How To Eliminate Gossip On Your Church Staff

How To Eliminate Gossip On Your Church Staff.jpg

Gossip can spread like wildfire and brings a sense of distrust to your church staff. It creates a stressful workplace and enables us to knock down our peers, usually to makes us feel better about our situation or ourselves. It also makes it extremely difficult to have an open mind when interacting with someone who we’ve heard a rumor about.

Unfortunately, gossip is a far too common problem in most organizations and often grows in churches as well. It can be a huge killer of good staff culture. As a church leader, it’s vital to step up and extinguish gossip before it spreads. Here are five practical steps to eliminating gossip in the workplace.

1. Define gossip.

It may seem obvious, but you need to let your team know upfront what you consider gossip to be. Consider putting a small section about it in your employee handbook. This is not so they can toe the line, but so that they have a full understanding and can prevent it from ever becoming an issue. Here are a few common definitions:

  • Ask yourself, “Is it my story to tell?”
  • Gossip is when two or more people are talking about a problem without being a part of the solution.
  • Casual or unprofessional conversation or reports about other people, typically involving details that are not confirmed as being true.
  • Idle talk about someone’s private or personal matters, especially someone not present.

Also clearly define what information on your church staff is confidential. As a function of their job, certain team members may know things that others don't. Discretion is vital. Make sure your staff has completel clarity of what kinds of things can be shared and what cannot.

2. Implement & communicate a zero tolerance policy.

At Ramsey Solutions, our friend and client Dave Ramsey has a zero tolerance policy for team gossip. You get one warning, and if caught gossiping a second time, you are fired. This may sound harsh, but it benefits everyone and protects the team and staff culture.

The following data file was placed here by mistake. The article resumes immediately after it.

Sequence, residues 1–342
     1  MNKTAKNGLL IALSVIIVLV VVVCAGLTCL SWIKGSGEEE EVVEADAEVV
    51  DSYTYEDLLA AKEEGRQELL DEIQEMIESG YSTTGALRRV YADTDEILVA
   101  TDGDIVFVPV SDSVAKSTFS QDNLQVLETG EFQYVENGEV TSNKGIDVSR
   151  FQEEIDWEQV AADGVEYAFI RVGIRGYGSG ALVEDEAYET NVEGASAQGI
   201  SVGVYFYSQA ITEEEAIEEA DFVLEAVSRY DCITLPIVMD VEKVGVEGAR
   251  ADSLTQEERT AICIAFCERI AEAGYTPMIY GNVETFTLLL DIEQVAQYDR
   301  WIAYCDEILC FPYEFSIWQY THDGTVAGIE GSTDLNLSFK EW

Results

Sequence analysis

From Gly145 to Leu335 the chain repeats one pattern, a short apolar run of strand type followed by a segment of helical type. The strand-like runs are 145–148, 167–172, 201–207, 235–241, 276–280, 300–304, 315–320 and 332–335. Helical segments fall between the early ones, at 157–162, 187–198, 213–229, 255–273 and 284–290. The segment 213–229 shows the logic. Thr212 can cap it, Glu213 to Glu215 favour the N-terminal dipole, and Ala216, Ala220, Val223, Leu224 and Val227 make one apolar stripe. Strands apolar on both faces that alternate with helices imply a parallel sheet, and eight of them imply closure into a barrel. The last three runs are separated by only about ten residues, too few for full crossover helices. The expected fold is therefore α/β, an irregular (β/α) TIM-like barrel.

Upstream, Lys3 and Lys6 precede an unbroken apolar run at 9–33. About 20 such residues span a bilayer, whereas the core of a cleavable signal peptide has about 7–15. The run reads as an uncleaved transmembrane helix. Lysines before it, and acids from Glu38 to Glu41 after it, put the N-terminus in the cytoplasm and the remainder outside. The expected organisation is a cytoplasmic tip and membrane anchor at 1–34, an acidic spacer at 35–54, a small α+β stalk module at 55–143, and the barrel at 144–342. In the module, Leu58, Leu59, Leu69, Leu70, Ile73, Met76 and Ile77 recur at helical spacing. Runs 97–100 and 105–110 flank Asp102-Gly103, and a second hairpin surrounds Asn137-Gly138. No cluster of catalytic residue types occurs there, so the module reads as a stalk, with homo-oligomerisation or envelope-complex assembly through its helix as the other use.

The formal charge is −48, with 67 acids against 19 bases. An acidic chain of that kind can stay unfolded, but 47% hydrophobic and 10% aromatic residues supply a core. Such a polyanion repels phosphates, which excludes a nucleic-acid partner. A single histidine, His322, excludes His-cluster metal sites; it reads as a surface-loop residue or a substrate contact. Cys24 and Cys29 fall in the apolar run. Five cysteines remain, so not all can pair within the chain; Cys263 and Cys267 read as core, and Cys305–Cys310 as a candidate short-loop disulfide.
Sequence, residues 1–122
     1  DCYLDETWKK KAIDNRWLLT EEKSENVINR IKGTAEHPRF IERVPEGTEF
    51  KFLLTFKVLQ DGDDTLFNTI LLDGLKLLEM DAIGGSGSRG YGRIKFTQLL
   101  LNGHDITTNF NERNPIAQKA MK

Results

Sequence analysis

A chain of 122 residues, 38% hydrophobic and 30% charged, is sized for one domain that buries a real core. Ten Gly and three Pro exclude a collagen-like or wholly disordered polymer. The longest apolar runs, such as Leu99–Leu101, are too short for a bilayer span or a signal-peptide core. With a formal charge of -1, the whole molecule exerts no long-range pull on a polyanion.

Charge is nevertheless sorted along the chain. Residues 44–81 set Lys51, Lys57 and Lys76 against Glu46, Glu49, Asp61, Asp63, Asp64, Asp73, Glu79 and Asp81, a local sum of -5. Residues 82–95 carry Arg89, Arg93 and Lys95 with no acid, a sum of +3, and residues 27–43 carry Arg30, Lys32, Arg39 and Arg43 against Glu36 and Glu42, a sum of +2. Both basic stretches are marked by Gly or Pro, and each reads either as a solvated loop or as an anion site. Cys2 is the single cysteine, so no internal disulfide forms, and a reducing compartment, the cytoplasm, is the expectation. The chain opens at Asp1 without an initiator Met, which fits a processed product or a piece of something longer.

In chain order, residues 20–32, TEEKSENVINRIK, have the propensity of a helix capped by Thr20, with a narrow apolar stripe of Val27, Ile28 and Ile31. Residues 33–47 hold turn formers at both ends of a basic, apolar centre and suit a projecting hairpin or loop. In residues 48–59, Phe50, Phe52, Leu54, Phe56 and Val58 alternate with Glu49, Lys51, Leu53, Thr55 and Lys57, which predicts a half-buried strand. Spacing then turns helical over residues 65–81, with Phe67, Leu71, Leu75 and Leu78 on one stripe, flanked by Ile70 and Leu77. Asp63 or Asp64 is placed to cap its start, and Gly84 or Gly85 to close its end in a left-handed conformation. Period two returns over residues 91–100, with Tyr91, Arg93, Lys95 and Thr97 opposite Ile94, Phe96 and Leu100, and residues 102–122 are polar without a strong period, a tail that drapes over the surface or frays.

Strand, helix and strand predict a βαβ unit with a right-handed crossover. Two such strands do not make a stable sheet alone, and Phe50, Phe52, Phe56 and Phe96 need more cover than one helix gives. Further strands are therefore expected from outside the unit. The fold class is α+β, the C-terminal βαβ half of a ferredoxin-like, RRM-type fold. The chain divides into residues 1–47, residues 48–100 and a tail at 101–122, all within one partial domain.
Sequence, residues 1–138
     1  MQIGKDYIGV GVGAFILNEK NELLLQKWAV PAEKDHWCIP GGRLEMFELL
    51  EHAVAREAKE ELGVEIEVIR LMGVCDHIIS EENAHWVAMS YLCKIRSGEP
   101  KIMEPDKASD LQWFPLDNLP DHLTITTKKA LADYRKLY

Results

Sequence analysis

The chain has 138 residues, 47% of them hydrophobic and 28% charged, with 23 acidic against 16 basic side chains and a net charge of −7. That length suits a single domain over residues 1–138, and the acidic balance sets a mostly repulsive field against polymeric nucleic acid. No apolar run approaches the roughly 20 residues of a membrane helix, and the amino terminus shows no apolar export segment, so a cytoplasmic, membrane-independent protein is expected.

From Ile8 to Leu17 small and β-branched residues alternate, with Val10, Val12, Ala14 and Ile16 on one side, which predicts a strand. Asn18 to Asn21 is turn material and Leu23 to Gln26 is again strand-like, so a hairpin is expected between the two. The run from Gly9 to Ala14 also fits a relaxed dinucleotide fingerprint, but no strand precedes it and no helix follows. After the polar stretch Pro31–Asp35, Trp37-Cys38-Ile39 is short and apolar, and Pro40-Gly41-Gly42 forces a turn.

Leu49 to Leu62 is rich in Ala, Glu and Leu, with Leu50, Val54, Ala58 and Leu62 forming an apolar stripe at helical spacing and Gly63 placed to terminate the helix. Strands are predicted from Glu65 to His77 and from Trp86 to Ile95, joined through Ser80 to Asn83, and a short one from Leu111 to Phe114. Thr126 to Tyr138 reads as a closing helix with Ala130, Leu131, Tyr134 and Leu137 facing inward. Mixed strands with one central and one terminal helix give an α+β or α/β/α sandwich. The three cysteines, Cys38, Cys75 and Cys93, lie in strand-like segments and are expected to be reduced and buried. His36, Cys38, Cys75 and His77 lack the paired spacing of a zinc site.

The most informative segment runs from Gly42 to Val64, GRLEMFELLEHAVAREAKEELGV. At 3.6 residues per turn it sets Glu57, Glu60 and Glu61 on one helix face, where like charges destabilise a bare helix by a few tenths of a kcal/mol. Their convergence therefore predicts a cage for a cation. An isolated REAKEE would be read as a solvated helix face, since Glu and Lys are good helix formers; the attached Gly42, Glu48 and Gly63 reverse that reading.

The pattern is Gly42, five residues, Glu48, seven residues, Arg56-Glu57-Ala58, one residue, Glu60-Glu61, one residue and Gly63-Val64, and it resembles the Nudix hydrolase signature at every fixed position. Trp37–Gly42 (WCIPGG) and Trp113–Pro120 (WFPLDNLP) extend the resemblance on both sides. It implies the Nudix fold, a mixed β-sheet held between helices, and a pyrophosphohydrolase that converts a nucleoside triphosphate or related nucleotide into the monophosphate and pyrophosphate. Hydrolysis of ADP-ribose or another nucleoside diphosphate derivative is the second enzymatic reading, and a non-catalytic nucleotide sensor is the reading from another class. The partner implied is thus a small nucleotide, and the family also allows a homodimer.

Just as important as having a zero tolerance policy is enforcing the policy. As difficult as it will be, you need to be prepared to actually have to fire someone. But enforcing this policy will show your church staff just how important it is to keep negativity out of your team.

Sidenote: We've all been in Christian circles where we have heard gossip being masked as concern or a prayer request. If that’s happening in your church or on your team, as a leader it is your responsibility to swiftly nip that in the bud.

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3. Create a culture where feedback is heard.

Gossip is often the result when there’s no other outlet. If your church staff has a culture where there is no clearly-defined way of expressing thoughts or concerns, then rumors are bound to fly around the office.

Create avenues and opportunities to have productive and open discussions with employees, such as staff reviews or team meetings. Keeping an open door and being an advocate for your church staff members will give them confidence to approach you with concerns rather than discuss them with others.

4. Set the example.

As a church leader, you are looked to as an example of your church’s values. One of the policies we have here at Vanderbloemen (that I’d argue every organization should adopt) is that complaints go up and compliments go down. That simply means that superiors should never gossip or talk negatively, but only encourage or give constructive feedback to their employees. And in turn, employees should take complaints or concerns only to their superior, not engage in rumors and gossip with their peers.

5. Reward praise.

While it is expected that leaders should set the example of praise, shaping a staff culture of compliments and team encouragement will help build positivity in the workplace. If you see your fellow staff members encouraging one another, give verbal affirmation. Always recognize and reward positive behavior.

Gossip will only tear down your team, so avoid the toxicity and eliminate it from your workplace altogether. William Vanderbloemen offers some more great insights and practical applications here for churches on ways to stomp out gossip.

What ways have you combatted gossip on your team? How do you prevent it?

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